The beluga whale born at the Oceanográfico dies twenty-five days after its birth

Nov 27, 2006

 Despite the efforts of veterinary surgeons and carers to prevent it and the constant vigilance of mother and baby, the beluga whale born last 2nd November and for the first time in a European Zoological Centre, died at 12:15 today Monday, 27th November.


The exact reasons for the death are still unknown, although a team of vets are studying the case along with experts from other countries. In any case, in the last hours, a sudden imbalance in the different blood parameters was detected. This episode is very possibly a consequence of the very difficult adaptation of the young beluga whale to artificial feeding which was given to it as a last resort due to the inexperience of the mother “Yulka”, and to the motor difficulties that the baby presented; it never managed to feed directly from its mother. The lack of direct milk hindered suitable development and favoured the appearance of infectious and metabolic illnesses.

Whatever the case, from the moment that the birth was certified, it was already known that the probabilities of survival of the little one were very slim. In the natural environment and among babies of first time mothers, like “Yulka”, the mortality rate of the recent born is 58% during the first months of life.

Despite the prognosis, the workers of the Ciudad de las Artes y las Ciencias’ Oceanográfico were devastated after all the hopes that this unique event had aroused. Huge efforts were made by the experts of this Centre, as they needed to watch over and feed the baby constantly. They received help from different Centres of Canada and the United State who have faced similar problems and who had warned about the enormous difficulties involved in saving this example.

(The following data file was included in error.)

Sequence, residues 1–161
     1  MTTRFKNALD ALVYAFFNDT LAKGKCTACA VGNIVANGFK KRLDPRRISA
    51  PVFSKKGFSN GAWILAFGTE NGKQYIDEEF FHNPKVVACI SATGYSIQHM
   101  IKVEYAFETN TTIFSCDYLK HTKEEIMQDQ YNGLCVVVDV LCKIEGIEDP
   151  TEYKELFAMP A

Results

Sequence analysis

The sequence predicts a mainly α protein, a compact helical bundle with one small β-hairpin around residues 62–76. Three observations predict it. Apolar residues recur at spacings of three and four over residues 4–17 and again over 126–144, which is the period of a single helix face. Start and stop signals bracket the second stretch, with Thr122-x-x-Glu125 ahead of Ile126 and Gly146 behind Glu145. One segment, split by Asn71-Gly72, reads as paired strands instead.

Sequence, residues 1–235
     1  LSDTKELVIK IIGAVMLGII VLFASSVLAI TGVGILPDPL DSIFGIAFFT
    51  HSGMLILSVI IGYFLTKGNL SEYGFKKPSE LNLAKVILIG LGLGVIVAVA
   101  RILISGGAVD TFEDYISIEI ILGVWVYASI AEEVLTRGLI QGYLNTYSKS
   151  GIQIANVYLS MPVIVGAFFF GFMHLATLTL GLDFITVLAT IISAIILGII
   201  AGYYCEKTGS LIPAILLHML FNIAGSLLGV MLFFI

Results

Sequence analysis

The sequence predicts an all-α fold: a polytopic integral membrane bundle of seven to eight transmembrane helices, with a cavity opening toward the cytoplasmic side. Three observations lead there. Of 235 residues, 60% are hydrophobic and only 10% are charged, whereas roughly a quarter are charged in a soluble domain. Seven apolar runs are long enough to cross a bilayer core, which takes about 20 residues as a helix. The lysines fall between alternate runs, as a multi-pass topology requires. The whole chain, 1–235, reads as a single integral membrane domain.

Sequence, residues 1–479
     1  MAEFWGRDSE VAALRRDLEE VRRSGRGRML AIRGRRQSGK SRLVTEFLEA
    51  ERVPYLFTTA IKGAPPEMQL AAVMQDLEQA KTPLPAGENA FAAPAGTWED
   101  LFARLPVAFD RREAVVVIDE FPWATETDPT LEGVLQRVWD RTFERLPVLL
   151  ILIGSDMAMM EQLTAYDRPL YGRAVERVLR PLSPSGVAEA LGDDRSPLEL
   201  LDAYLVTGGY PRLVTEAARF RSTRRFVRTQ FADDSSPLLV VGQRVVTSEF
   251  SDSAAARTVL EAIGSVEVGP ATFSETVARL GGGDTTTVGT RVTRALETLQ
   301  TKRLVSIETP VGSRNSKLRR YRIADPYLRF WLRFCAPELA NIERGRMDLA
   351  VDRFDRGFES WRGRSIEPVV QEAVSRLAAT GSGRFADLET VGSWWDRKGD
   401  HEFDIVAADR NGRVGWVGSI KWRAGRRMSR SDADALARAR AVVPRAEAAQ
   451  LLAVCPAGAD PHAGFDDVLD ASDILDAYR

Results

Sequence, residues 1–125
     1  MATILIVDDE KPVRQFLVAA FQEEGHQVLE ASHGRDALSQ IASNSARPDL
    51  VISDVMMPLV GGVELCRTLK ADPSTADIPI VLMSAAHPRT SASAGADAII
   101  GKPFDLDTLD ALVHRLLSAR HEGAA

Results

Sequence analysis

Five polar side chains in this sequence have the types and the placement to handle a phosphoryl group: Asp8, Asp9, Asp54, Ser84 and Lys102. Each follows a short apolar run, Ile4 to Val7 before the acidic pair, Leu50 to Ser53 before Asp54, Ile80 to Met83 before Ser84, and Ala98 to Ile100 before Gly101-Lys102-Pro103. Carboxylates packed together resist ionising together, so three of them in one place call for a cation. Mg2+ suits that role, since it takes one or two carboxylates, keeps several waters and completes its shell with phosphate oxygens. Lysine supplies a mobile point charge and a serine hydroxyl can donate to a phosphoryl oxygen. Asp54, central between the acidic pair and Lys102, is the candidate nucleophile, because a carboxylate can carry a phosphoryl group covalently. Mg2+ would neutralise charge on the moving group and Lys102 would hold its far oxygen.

At the moment, and in order to try to make up for the loss of the little one, the carers of the mother have redoubled their attentions to “Yulka”. For several days they will attend to her behaviour and will reunite her with “Kairo”, the male who accompanies her in the installation. The “Arctic” building, that has remained closed to the public since the birth, will reopen immediately.

Lastly, and despite the unfortunate but to some extent expected outcome, it should be stressed that the gestation and birth of this cetaceous animal has been a huge landmark in the conservation of beluga whales and has allowed us to obtain infinite data for understanding the biology of these animals and the reproductive success of this species in this and other Centres. Moreover, it has shown that the examples present in the Oceanográfico receive the best of attention. The centre’s experts hope that the experience acquired by the mother during this period may prove useful so that maybe the next time the development of a future baby will not present the difficulties observed in this case.